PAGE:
In practice, a significant portion of Software Engineering is organising ideas and concepts into smaller composable chunks that describe a real-world problem or domain. There are lots of ways to model a problem, which makes making decisions on how to organise those concepts (this is called factoring an application) quite difficult.
I’m not the only one to have noticed this - out of the dilemma of DRY vs WET, a new acronym has risen to rule all other acronyms: it’s called AHA (Aha!) programming and I first read about it from Kent C. Dodds. AHA stands for “avoid hasty abstractions” and tells us to prefer duplication over the wrong abstraction”.
I like this - it brings the focus away from duplication and towards the important conversation of when to make abstractions. It simply points out that removing duplication is cheaper and safer than refactoring a poorly abstracted system. The thing is, it doesn’t give us any wisdom on when the “right” time is to make abstractions - it essentially warns the reader to be wary of abstractions and leaves the rest up to them to decide.
A codebase without abstractions is a bad idea, so then what does warrant an abstraction?

What Does “Hasty” Mean? What is “True” Duplication?

I read on Feb 18, 2024, “A good abstraction or interface is one that allows either side to change something without requiring coordination or changes on the other side. Matt Ranney, DoorDash”. It’s a good principle, but is more concerned with technical abstractions - it’s a necessary but insufficient measure of a good abstraction (worth noting here).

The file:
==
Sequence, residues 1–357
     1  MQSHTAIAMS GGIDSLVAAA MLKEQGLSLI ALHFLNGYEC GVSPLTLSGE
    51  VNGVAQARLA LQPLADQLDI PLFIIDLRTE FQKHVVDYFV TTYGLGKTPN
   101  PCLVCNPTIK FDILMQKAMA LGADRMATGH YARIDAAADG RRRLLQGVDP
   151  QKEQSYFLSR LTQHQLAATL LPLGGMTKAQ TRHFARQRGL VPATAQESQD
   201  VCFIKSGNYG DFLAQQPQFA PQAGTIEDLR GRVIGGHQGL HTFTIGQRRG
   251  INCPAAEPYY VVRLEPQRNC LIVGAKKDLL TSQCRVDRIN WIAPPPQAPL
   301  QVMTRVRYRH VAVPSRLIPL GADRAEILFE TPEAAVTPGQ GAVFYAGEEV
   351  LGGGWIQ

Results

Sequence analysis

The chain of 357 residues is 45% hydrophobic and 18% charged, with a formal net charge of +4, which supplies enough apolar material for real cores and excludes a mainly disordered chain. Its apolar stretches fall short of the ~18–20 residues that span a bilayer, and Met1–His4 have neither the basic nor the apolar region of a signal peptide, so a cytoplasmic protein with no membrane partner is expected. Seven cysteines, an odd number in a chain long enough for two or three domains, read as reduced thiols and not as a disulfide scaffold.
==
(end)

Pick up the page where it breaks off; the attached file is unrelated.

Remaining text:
Robert C. Martin says something in Clean Code to the effect of:
I like this adage and I repeat it at work - it introduces a time-dependent viewpoint of software. An important property of software is its malleability - it changes over time (which is why it’s “soft”ware and not “hard”ware) because the reality of the system you’re modelling will change over time (hopefully also in response to the solution you’re building).
Although it doesn’t have a catchy acronym, this advice on making abstractions touches on a description of what Martin describes as “true” duplication (as opposed to “false” duplication). Two functions might happen to have the same implementation today, however, if (from a business perspective) there exist two distinct concepts, it makes sense to create two distinct interfaces to expose in the codebase so that when the implementation of one changes, the impact is minimised.
“There are different kinds of duplication. There is true duplication, in which every change to one instance necessitates the same change to every duplicate of that instance. Then there is false or accidental duplication.”
I find this to be a more extensive expression of DRY - those people who struggled with over-abstraction in their code were removing “false” duplication which hurt their code hygiene, introducing harmful coupling into the system. The aim is to remove all “true” duplication and leave alone “false” duplication to avoid that harmful coupling.
Maybe we need a competing acronym to raise awareness? How about CTKT (”changes-together, keep-together”)? Or perhaps we just need to spread awareness of “true” vs “false” duplication.
Let me know what you think!